One eternal truth in marketing is that you have to know your customers. After all, how will you provide them with a product or service that meets their needs if you don’t know what they value? How will you reach them with your marketing messages if you don’t know where to find them? How will you convince them to give your brand a try if you don’t know what messaging will engage them?

Many of our clients like to believe that they already have a good understanding of their customers. Sadly, this is not usually true. It’s hard for internal stakeholders to understand the motives of external stakeholders, such as customers. 

I can think of one client who defined their customers as “anyone within 30 miles of one of our locations” and provided a laundry list of why customers chose their products. There are two problems with this client’s outlook. The first is that they are defining their customers too broadly to gain meaningful insights. The second is that the laundry list of reasons was from their view, and the only perspective that matters is the customers. Customers buy for their purposes, not yours, and until you ask them, you are likely incorrect as to what those reasons are.

Knowing your customer is knowing your market

You may have heard that over 20% of businesses fail in the first year and that 50% fail within the first five years. You may not know that most of these businesses fail because of what the Bureau of Labor Statistics calls “No market need.” 

Providing a product or service that meets a market need is something entrepreneurs refer to as Product-Market Fit. One popular tool used to develop a Product-Market fit is the Value Proposition Canvas. At the center of the Value Proposition Canvas are two components, Value Map and Customer Profiles. Only by understanding your customers can you create a value proposition that meets their needs.

As the former chairman of Tampa Bay Wave, a Tampa based startup accelerator, I have had plenty of opportunities to mentor young entrepreneurs. Many of these entrepreneurs were in what Tampa Bay Wave refers to as the Build phase. Companies in the build phase were still working toward achieving product-market fit. The companies who achieved a product-market fit and progressed from the Build phase were those who spent a lot of time learning about their customers and adapting their value propositions to what they learned. 

Knowing your customer means adapting to changing needs

We already discussed the importance of product-market fit in the success of young companies, but what about more established companies. There have been many high profile examples of established and successful businesses, even one-time market leaders, failing due to losing sight of the market. These failures are often considered failures to adapt to changing market demands. How does this happen? By not knowing your customers. 

Knowing your customer means knowing where to reach them

From the earliest days of business, merchants and craftsmen knew it was essential to reach their customers and inform them about their products or services. In ancient times this was relatively simple as there were not many channels for their messages, and they rarely had to reach people farther than their town. 

Today’s consumers split their time between the real world and an online world and consume media from an infinite number of providers. It is no longer possible to reach customers without understanding their habits. When you know your customers, you know what media they use and how best to reach them with messages about your product or service.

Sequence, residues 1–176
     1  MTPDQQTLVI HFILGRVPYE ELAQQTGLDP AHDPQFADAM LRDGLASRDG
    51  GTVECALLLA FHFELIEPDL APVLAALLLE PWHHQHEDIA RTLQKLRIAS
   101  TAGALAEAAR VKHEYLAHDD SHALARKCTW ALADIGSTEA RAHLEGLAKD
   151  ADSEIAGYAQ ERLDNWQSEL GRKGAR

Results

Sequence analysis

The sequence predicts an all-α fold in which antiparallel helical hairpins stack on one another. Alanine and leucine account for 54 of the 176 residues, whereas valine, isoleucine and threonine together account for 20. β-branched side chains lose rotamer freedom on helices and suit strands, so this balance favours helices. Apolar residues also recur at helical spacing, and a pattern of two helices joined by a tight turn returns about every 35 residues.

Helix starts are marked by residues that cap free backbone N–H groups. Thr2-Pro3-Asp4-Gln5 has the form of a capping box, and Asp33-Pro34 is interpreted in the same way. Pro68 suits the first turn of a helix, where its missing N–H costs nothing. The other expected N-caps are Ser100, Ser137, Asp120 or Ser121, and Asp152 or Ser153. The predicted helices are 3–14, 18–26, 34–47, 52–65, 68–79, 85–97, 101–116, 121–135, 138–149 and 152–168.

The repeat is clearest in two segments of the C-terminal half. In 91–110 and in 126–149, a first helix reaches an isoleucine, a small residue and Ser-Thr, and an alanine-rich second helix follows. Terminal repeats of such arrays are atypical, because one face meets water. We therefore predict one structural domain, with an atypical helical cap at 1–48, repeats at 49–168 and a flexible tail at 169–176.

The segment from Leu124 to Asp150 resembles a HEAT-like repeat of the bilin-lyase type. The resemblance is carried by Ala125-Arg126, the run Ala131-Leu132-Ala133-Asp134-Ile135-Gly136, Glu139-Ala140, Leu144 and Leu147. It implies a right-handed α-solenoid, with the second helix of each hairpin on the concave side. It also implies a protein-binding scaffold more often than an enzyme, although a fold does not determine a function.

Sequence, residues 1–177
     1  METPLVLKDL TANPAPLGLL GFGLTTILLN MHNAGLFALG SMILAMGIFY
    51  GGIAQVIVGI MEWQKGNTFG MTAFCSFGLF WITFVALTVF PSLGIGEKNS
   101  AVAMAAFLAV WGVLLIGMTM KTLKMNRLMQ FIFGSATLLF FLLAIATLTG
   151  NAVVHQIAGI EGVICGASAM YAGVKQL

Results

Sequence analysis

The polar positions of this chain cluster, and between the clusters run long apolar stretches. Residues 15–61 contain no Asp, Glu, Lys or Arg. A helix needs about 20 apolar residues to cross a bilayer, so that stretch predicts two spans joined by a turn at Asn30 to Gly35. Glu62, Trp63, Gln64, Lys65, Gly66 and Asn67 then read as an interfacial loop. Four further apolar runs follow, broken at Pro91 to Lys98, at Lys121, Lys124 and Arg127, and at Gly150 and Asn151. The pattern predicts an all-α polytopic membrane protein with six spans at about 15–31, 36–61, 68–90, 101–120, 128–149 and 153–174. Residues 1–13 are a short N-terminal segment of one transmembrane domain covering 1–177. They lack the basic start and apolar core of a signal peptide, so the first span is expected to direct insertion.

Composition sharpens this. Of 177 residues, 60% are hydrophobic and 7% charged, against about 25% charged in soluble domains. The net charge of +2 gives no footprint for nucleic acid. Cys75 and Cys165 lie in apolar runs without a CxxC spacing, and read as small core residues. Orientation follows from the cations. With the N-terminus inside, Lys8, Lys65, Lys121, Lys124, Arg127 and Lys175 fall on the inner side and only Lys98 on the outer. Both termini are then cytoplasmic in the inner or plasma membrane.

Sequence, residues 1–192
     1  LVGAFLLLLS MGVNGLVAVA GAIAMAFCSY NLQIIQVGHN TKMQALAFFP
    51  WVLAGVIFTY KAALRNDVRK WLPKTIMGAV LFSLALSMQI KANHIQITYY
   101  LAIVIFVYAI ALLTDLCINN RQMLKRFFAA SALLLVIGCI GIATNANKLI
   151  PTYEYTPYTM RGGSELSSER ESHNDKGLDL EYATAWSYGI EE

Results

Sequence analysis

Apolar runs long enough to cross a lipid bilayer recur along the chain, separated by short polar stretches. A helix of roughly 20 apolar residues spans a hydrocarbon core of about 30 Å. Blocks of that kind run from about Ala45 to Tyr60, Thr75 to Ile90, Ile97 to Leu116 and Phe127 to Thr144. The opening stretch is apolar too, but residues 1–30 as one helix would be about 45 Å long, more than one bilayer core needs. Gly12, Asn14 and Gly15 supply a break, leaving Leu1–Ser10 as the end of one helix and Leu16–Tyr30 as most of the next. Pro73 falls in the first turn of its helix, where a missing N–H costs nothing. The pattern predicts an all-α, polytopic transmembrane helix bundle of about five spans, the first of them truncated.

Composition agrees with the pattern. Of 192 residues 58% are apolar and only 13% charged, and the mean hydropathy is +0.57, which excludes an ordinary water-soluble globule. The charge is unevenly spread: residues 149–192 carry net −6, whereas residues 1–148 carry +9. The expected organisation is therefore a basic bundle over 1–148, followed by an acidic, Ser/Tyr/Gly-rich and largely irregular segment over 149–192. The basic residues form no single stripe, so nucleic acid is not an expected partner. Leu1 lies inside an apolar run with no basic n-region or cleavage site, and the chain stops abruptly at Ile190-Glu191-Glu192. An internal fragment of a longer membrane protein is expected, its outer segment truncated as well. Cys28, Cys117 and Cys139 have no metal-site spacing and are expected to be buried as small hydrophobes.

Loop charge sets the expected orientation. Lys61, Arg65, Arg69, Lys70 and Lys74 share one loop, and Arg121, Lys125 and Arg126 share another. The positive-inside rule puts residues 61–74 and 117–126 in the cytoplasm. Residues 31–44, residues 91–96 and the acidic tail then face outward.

Once you know your customers, most media can provide useful information about their consumers. For example, magazines and newspapers have long provided potential advertisers with audience insights. Television shows can provide viewership statistics. Online channels such as social media, blogs, and websites can give detailed information about their visitors. Advertising research firms can provide insights into audiences if you are still uncertain about where to find your customers. 

Knowing your customers means you speak their language

For any advertising to succeed, you have first to gain a viewer’s attention, then provoke interest, stimulate desire, and finally prompt action. All of these are easier to do this when you know your customer’s interests. Are you customers into sports, then maybe a sports-themed ad would catch their attention. Perhaps an endorsement by a star athlete would provoke interest.

Think of an advertisement as a one-time chance to impress someone (such as a boss or potential love interest). Sure you could go in cold and hope that what you have to offer is enough for them to spark an interest. However, wouldn’t you be more effective if you knew something about their interests and goals beforehand?

Knowing your customers help you build strong customer relationships

Conventional wisdom dictates that it is more costly to acquire a new customer than to keep an existing customer happy. Customer experience and customer satisfaction have become focus areas for many companies wishing to maximize their customers’ lifetime value. Companies that know what their clients want and expect can also customize the customer experience to create loyalty and repeat business.

Business is not easy, and there are many challenges to overcome. Many of these challenges arise from not knowing your customers as well as you think. Developing a full picture of your customers grounded in actual data is vital for any business that intends to succeed. One of the first steps you should take to build your customer profiles is to determine your primary target audience.